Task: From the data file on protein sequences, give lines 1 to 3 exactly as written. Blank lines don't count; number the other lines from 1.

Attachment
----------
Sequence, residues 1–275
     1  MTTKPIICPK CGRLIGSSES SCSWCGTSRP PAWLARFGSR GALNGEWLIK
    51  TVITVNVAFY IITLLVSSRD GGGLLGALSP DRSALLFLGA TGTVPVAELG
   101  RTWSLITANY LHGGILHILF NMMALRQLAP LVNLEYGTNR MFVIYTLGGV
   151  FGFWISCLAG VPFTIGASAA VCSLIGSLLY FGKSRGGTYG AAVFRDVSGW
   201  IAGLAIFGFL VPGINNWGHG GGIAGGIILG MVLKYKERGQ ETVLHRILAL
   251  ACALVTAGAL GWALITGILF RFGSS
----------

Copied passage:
Sequence, residues 1–275
     1  MTTKPIICPK CGRLIGSSES SCSWCGTSRP PAWLARFGSR GALNGEWLIK
    51  TVITVNVAFY IITLLVSSRD GGGLLGALSP DRSALLFLGA TGTVPVAELG